Re:Public Soundwaves (1)

AJWM (19027) | more than 7 years ago | (#18282942)

isn't there at least as strong a case for government regulation of audio as for its control of radio?

Um, ever hear of anti-noise ordinances?

Re:Public Soundwaves (1)

Garrett Fox (970174) | more than 7 years ago | (#18285030)

No, I mean, if government can auction off the ability to speak by radio on certain frequencies and impose controls over what can be said (see eg. the "Fairness Doctrine"), then why don't the same justifications used for radio also justify controls over normal speech?

(Obvious response: "But that'd violate the First Amendment."

Response to that: "Yes, but don't the controls over radio speech do that too?")

Re:Public Soundwaves (1)

Rakarra (112805) | more than 7 years ago | (#18286686)

No, I mean, if government can auction off the ability to speak by radio on certain frequencies and impose controls over what can be said (see eg. the "Fairness Doctrine"), then why don't the same justifications used for radio also justify controls over normal speech?



Speech has a far shorter range than radio. The problems of audio conversations interferring with each other and radio broadcasts interferring with each other are pretty dissimilar.

Re:Public Domain... (1)

multisync (218450) | more than 7 years ago | (#18278116)

That should be the price paid to the public for the licensed, exclusive use of that part of our resource by a private party.


Broadcasters already pay to license the airwaves from the public, and they are not usually the copyright holder of the works they broadcast. I don't think copyright holders would permit broadcasters to use their work if the result would be that work entering the Public Domain.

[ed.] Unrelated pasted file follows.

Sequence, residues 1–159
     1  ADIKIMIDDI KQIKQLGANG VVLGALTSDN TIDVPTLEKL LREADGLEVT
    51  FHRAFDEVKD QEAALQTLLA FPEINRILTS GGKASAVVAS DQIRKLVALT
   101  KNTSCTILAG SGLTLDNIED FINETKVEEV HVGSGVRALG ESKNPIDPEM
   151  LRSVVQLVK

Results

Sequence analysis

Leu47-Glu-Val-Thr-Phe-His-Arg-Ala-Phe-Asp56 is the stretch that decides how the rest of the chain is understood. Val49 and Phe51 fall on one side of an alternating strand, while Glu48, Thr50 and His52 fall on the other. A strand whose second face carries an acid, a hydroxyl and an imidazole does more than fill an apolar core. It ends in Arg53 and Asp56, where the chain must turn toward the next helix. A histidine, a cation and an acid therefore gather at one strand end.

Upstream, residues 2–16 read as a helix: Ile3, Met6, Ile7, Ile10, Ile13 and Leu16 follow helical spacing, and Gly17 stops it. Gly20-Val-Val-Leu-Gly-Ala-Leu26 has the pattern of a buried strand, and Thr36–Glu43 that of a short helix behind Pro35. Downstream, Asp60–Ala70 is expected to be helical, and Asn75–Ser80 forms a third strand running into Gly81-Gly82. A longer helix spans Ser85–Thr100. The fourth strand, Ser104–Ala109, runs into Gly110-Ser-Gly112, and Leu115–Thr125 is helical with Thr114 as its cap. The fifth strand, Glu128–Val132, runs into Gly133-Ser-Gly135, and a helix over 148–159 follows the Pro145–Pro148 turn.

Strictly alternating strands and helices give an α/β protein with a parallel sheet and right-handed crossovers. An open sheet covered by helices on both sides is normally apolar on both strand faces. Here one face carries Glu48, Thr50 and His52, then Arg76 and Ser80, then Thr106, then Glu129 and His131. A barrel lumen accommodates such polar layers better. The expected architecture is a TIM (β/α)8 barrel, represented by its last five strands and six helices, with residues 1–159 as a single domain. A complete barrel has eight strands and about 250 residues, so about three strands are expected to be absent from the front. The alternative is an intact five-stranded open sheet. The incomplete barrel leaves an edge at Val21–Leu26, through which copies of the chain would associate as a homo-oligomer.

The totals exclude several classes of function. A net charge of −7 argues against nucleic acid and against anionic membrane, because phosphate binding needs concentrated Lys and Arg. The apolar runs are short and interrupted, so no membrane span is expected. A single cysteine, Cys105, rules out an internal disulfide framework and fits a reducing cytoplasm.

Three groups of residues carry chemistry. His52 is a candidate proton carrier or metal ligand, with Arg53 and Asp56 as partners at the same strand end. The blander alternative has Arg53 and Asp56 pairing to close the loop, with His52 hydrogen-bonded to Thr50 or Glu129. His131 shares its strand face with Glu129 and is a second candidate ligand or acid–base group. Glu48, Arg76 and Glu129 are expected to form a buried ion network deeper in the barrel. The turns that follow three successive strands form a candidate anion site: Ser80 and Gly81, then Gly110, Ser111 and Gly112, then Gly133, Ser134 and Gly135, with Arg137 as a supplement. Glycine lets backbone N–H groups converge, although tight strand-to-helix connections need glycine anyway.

Now, if you want to argue that Copyright should expire and the work should enter the Public Domain after a reasonable period of time, I'm right in there with you!

Re:Public Domain... (1)

evilviper (135110) | more than 7 years ago | (#18279476)

Anything broadcast over the public airwaves (_all_ spectra is a natural public resource, spectrum "auctions" be damned), should be considered to have been placed into the public domain

No. The current system where you can use it for any personal/private purpose you want, is just fine. Public domain suggests you can resell it to others.

All your method would do is to ensure that nothing good would be broadcast in the clear, and heavy encryption with DRM would be required by the public to listen to the radio, further taking away more rights.